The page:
The disadvantages caused by the convection currents may be minimized by using a small internal diameter capillary tube to hold the medium because: (1) more heat per unit of length is generated in a larger capillary tube; and (2) there is a longer thermal path to the inside wall of a larger capillary tube than a smaller capillary tube and more space for convection cells to form. On the other hand, small capillaries result in small peak volumes making detection less sensitive.
One type of sample injector injects very small samples by applying a vacuum on the end of the separating apparatus opposite to the source of the sample to draw a small portion of the sample into the separating apparatus.
The prior art sample injectors of this type control the amount of sample by timing the period through which the vacuum is applied. The time is determined by experience. This type of prior art sample injector has a disadvantage of not being as precise as desired.
Accordingly, it is an object of the invention to provide novel techniques for use in the separation sciences.
It is a still further object of the invention to provide a novel detector for use in electrophoresis.
It is a still further object of the invention to provide a novel sample injector.
It is a still further object of the invention to provide a novel technique for reducing band spreading in electrophoresis.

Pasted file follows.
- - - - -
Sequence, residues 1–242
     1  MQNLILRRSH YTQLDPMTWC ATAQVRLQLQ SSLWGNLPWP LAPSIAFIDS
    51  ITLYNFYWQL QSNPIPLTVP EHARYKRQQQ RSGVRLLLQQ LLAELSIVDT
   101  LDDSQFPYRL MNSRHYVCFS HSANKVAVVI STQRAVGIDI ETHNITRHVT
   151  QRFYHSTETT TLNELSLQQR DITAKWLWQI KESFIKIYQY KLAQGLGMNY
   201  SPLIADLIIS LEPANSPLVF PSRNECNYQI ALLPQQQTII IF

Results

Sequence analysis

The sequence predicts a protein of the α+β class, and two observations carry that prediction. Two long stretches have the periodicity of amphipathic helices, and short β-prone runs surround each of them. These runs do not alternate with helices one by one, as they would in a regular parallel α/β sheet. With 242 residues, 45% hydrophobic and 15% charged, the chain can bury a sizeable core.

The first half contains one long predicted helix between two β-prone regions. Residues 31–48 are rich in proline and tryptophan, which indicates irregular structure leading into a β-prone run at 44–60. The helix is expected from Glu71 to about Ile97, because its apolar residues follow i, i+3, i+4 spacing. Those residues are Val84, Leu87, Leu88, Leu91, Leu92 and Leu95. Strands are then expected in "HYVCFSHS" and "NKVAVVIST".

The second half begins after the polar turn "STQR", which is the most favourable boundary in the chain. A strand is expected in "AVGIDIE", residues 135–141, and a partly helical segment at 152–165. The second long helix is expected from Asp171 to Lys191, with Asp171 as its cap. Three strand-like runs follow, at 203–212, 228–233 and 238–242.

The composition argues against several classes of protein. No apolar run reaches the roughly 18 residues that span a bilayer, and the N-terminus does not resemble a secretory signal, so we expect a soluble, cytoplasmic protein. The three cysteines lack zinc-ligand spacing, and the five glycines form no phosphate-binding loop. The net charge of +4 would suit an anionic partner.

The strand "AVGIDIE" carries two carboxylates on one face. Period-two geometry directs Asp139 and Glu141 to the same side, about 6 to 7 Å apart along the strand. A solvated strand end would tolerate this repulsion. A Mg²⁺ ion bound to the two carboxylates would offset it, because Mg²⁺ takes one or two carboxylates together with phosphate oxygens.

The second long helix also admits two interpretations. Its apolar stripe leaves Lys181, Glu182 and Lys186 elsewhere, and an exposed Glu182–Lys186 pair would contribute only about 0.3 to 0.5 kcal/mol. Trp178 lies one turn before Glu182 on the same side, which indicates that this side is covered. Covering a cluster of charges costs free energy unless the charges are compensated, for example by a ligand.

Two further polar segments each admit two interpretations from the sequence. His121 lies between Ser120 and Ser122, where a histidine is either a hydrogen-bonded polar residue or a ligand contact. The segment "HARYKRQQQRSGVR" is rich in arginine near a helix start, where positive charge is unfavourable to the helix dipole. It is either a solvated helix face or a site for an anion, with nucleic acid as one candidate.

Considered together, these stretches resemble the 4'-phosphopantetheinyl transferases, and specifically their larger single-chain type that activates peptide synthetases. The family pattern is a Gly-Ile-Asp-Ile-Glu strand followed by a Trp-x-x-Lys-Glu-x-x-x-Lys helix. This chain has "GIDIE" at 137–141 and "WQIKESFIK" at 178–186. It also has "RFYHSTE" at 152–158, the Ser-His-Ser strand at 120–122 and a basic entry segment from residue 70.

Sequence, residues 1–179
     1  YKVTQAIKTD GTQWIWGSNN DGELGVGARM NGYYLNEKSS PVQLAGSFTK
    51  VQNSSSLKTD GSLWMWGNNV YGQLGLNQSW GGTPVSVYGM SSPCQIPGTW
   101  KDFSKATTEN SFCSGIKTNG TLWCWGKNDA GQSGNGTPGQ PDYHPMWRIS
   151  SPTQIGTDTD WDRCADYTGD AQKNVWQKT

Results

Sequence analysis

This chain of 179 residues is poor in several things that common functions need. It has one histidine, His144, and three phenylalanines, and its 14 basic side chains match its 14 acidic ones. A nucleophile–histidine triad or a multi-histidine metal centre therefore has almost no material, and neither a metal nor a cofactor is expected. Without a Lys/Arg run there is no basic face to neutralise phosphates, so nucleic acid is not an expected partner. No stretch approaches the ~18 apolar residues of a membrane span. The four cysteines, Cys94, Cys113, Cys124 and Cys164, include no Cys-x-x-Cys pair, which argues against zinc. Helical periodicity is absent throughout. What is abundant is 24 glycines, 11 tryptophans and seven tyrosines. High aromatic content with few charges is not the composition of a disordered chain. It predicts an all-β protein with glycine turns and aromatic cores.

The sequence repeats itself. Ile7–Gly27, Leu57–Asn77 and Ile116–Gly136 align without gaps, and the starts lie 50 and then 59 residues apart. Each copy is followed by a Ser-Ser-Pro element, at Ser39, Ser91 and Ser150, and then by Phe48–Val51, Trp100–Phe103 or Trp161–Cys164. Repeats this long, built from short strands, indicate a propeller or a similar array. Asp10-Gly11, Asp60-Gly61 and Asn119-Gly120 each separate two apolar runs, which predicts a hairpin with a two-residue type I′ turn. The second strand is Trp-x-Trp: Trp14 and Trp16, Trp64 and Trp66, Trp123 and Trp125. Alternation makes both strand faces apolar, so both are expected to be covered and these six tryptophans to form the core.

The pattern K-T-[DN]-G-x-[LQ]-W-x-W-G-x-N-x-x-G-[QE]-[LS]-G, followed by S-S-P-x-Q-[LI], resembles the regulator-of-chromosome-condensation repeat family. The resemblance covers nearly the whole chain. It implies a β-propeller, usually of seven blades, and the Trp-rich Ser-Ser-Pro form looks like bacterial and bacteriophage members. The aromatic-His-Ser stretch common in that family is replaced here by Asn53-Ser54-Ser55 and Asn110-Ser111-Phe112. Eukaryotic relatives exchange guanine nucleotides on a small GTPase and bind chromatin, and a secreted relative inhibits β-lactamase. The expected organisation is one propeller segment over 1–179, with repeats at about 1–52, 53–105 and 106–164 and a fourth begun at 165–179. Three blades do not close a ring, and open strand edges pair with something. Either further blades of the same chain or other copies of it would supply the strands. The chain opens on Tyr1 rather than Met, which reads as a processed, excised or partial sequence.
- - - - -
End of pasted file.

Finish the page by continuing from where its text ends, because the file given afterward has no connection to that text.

It is a still further object of the invention to provide a technique for aligning the sensor with a source of light in small electrophoresis apparatuses.
It is a still further object of the invention to provide a novel control technique for sample injection in small quantities.
It is a still further object of the invention to provide a novel technique for use in capillary electrophoresis.
In accordance with the above and further objects of the invention, a detector includes first and second sections. The first section includes a light source and an outlet slit through which light is emitted. The second section includes a light sensor and an inlet slit corresponding substantially in size to the outlet slit of the first section.
The first and second sections are mounted on opposite sides of a separating medium in an apparatus for separating molecular species, with their slits aligned with each other. With this arrangement, the light sensor receives light passing through both slits and through the medium containing molecular species to be sensed. The electrical signal resulting from the detector is utilized to detect peaks in the column.